Finding the Mother Tree by Suzanne Simard is a book that introduces the interdependent world of trees and their communication networks. Suzanne Simard, a forest ecologist with decades of experience in researching trees, shares her personal stories. Through this book, she shares her scientific research that uncovers the remarkable ways in which trees communicate and help each other through a system of underground fungal networks.

The book starts with a very inspiring saying “This book is not about how we can save tree , this is about how trees might save us”. The book follows Simard’s quest for a “mother tree,” a central tree that acts as a hub in the forest network, connecting and nurturing other trees. Through her research, she challenges the traditional view of forests as isolated collections of individual trees and highlights the complex social structures that exist within them.

Her research reveals that trees are not individual beings but deeply interconnected through their root systems, sharing resources and information with each other. They share carbon and nutrients and send chemical signals to warn of insect attacks. The fungal networks allow older “mother trees” to pass on their wisdom to younger trees, helping them survive in challenging environments.

The diagram that accompanies the book summarizes the key facts of Simard’s project, “The Talking Tree.” It shows the tree networking between hub trees and offspring, with each hub tree having connections with over 47 other trees, including trees of other species. The movement of resources within the forests are highlighted to express how trees work in collaboration, as opposed to the popular notion of them working against each other competing for light and resources.

The top section of the diagram focuses on the understory of the forest, showing how trees communicate with each other through underground fungal networks. A cross section through the tree shows the flow of carbon and nutrients within xylem, phloem and tree roots. This section across the forest demonstrates:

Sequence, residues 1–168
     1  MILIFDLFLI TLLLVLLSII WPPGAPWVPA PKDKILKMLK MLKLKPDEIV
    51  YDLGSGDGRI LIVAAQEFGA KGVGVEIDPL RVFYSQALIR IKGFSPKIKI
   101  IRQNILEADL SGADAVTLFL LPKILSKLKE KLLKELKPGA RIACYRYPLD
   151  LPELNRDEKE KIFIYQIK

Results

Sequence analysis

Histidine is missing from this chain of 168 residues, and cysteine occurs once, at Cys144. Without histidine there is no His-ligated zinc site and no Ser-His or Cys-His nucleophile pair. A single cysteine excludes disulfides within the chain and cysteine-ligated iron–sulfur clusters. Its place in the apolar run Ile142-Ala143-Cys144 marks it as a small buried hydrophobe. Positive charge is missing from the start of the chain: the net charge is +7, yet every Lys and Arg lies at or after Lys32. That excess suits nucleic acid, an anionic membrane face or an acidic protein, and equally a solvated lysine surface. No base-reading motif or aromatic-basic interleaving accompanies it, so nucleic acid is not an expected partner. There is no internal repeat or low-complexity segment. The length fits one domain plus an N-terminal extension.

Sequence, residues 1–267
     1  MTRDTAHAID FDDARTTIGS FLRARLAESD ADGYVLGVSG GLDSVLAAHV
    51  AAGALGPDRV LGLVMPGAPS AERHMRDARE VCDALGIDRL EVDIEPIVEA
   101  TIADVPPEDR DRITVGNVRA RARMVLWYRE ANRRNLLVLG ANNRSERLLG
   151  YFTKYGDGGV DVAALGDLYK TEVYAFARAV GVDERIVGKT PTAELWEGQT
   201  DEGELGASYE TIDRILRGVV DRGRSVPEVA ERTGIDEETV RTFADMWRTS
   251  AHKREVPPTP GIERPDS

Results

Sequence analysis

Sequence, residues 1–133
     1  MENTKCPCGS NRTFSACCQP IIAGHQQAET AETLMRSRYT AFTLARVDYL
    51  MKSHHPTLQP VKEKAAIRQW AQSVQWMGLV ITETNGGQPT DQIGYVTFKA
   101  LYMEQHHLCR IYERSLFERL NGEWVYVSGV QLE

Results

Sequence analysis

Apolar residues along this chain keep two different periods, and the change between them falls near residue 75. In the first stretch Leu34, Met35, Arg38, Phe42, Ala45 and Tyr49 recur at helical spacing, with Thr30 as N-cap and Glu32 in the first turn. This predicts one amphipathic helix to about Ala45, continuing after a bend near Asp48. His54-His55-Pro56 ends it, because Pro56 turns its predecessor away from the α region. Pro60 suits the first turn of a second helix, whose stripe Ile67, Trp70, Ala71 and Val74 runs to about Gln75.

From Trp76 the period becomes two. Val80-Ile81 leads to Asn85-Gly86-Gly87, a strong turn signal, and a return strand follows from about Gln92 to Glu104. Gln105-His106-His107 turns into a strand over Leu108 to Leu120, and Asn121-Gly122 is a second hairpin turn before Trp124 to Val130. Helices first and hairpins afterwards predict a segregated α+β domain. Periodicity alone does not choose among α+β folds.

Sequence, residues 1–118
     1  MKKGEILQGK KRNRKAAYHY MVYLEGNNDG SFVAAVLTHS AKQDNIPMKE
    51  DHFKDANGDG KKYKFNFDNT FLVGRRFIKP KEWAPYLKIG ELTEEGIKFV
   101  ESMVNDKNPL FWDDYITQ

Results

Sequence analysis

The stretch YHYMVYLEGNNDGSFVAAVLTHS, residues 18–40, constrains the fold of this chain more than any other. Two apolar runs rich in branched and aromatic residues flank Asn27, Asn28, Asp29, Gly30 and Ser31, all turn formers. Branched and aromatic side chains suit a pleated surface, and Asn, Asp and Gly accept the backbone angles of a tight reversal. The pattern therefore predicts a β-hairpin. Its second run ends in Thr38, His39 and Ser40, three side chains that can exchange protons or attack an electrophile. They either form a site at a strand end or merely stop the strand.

-the transfer of surplus carbon from a hub tree to younger trees (of the same kin)
-the exchange of surplus carbon within different tree species during different seasons (deciduous tree to conifers in summer, conifer trees to deciduous in winters)
-the transfer of carbon from trees to the mycelial network
-the transfer of water and nutrients from the mycelial network to the trees
-the aerial stress signals sent from hub trees to alert other trees.
The bottom section of the diagram highlights the different nodes in the forest, the complex interactions between the trees and also how the size of trees dictates the interconnections, with the hub tree being the oldest and tallest tree.

Finding the Mother Tree is an eye-opening exploration of the interconnectedness of life on Earth and calls for a rethinking of our relationship with the natural world. Her findings emphasize the importance of preserving forest ecosystems, which have been devastated by human activity.